It’s another prime gift-giving no-no. Avoid shelling out for appliances, furniture, or anything that’s specific to your current home’s layout. Unless you already know where you’re moving, that gorgeous (and large) new couch might not fit correctly in your new digs. And that sparkling new washer-dryer set is probably going to be a gift for the buyers, since appliances usually stay with the home. Grills, sheds, anything bulky—you’re going to either gift it to your buyers in a few months or pay someone to move it. Save the heavy stuff for next year.

4. Don’t take on too much holiday-related debt

This is not the year to live out your “new car with a giant bow on it” fantasies. Taking on debt, whether it’s credit card debt or a car or boat loan, can hurt your chances of getting approved for a mortgage when you’re ready to buy your next home. So, don’t go out and buy expensive things; a lender will take note and it could work against you. When in doubt, ask first.

“Speak with your lender if making a real estate purchase after the sale on how much you can spend on big-ticket items,” says Dillar Schwartz, a Realtor in Austin, TX.

5. Don’t surprise the family with a new pet

The holidays are a common time for families to get a new furry friend—there are even adoption drives based around getting a holiday pet. However, right before you’re ready to sell your house is not a terrific time to be housetraining a puppy or teaching a cat not to scratch the couch.

Showing a house with a pet can be challenging enough even when it’s not a new pet, and then they’re going to have to go through the wildly pet-unfriendly process of moving. However much you’re longing for a cat, pup, or capybara, it just makes sense to wait until after the move. Especially the capybara.

 

Posted by Audrey Ference on realtor.com

Categories
Renovation

Top 4 Home Renovations for Maximum ROI [INFOGRAPHIC]

Some Highlights:

  • Whether you are selling your home, just purchased your first home, or are a homeowner planning to stay put for a while, there is value in knowing which home improvement projects will net you the most “Return On Investment” (ROI).
  • While big projects like adding a bathroom or a complete remodel of a kitchen are popular ways to increase a home’s value, something as simple as updating landscaping and curb appeal can have a quick impact on a home’s value.

 

Posted by The KCM Crew

Wondering how much your home is worth? Click HERE to find out!

Categories
Buying

Your Friends Are Crazy Wrong If They’re Telling You Not to Buy

The current narrative is that home prices have risen so much so that it is no longer a smart idea to purchase a home. Your family and friends might suggest that buying a home right now (whether a first-time home or a move-up home) makes absolutely no sense from an affordability standpoint. They are wrong!

Homes are more affordable right now than at almost any time in our country’s history except for the foreclosure years (2009-2015) when homes sold at major discounts. As an example, below is a graph from the latest Black Knight Mortgage Monitor showing the percentage of median income needed to buy a medium-priced home in the country today in comparison to prior to the housing bubble and bust.

As we can see, the percentage necessary is less now than in those time periods.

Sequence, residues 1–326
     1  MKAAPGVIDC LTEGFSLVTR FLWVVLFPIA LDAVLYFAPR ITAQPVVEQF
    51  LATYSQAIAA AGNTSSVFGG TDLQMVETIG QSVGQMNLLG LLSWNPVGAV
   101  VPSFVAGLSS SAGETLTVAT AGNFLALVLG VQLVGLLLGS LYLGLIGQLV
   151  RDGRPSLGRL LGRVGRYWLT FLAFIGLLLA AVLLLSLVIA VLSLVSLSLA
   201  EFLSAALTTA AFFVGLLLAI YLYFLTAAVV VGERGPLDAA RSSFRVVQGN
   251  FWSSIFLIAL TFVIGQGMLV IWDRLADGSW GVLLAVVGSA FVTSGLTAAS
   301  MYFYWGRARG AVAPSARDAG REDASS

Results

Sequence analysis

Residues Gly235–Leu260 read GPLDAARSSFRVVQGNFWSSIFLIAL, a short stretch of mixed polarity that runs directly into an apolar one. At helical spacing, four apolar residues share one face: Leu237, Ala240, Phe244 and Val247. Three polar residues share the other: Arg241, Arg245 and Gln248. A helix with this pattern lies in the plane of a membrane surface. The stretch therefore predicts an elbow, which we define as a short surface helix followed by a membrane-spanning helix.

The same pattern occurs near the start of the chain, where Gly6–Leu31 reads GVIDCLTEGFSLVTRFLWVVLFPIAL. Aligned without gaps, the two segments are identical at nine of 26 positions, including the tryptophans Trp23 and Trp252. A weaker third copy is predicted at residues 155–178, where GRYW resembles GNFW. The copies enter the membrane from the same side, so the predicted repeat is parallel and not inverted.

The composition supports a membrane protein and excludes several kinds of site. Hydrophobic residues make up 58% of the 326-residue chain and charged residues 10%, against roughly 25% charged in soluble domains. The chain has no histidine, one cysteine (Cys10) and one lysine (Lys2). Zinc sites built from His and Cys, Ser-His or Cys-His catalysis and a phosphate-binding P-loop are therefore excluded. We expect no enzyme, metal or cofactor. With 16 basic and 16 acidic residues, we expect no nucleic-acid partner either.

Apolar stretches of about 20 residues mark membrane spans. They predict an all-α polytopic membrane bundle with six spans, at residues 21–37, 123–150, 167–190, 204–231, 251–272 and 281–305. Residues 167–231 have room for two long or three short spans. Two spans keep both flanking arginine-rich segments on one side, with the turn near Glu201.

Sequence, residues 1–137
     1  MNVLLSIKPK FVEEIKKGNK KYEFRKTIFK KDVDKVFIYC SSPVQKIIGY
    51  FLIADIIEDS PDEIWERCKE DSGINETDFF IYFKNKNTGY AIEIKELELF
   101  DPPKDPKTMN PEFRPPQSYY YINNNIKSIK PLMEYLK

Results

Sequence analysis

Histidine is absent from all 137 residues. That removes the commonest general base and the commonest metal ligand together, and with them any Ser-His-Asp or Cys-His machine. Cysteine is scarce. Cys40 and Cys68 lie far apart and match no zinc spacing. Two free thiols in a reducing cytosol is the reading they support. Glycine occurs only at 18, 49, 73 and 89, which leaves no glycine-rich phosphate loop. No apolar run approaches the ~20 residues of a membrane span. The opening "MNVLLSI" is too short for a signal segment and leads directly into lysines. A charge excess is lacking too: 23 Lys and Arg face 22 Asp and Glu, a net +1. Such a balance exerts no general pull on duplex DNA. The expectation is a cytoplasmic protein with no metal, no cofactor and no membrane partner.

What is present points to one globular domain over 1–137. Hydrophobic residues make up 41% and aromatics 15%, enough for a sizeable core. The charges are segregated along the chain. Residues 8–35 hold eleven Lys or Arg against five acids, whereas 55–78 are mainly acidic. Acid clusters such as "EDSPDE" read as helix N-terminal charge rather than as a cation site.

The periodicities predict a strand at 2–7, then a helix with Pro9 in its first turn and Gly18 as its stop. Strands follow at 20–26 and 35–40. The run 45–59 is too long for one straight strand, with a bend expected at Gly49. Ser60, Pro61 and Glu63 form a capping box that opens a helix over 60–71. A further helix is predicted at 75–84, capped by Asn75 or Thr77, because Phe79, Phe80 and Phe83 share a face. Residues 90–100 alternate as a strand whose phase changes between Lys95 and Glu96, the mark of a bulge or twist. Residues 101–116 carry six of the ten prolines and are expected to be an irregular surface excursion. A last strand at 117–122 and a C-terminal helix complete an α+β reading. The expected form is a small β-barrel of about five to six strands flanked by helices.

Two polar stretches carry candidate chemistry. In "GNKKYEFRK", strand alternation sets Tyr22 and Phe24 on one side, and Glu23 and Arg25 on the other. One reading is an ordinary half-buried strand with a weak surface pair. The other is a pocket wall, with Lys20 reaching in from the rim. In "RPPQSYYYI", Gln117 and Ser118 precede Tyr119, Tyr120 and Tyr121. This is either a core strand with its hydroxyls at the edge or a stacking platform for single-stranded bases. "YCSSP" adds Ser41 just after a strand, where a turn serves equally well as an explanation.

The Mortgage Monitor also explains that home affordability is better today than it was in the late 1990s in 47 of 50 states.

Bottom Line

Your friends and family have your best interests at heart. However, when it comes to buying your first home or selling your current house to buy the home of your dreams, let’s get together to discuss what your best move is, now.

 

Posted by The KCM Crew

Ready to buy? Click HERE to start your home search!

Categories
Renovation

5 Signs You Need to Upgrade Your Kitchen

Brighten it, expand it, organize it — whatever it needs, your kitchen is an update away from ideal.

Your kitchen is likely the most loved room in your home — and the wear and tear proves it. It’s the hangout for hungry teenagers, the conversation station during the holidays and the catch-up room after a busy workday.

A functional and appealing kitchen is important not only for your family but for your guests, too. After all, a delicious meal is only so appealing in a messy and cluttered kitchen.

Here are five signs that your kitchen may need an upgrade.

1. Outdated appliances

Perhaps they were there when you moved in, or maybe they came with you decades ago when you bought the home. Either way, outdated appliances are usually less attractive and drain more energy than newer models on the market.

Consider their safety, too. If you have to press a secret combination of buttons and chant a spell to light your range, it’s time to upgrade to newer, safer appliances.

When you do upgrade, consult a professional electrician to make sure everything is wired properly and up to code.

2. Damage and wear

Nobody expects your kitchen to stay in like-new condition forever, but damage beyond normal wear and tear needs addressing.

Water damage from a leaking fridge or dishwasher can cause mold on and underneath the flooring or peeling on the countertops, floors and walls, depending on the materials.

Cracked, peeling or chipped countertops and floors are prime spots for dangerous bacteria to reside — and hide from cleaning supplies. Even clean counters and floors with stains can cause your guests to think twice when they’re invited over a second time.

Upgrading to newer counters made from a durable material like granite is a good investment that can last practically a lifetime.

3. Not enough counter space

If your counters are covered with appliances, utensils and food, you need an upgrade. Ideally, your counters should always be clutter-free, and everything should have an easily accessible place.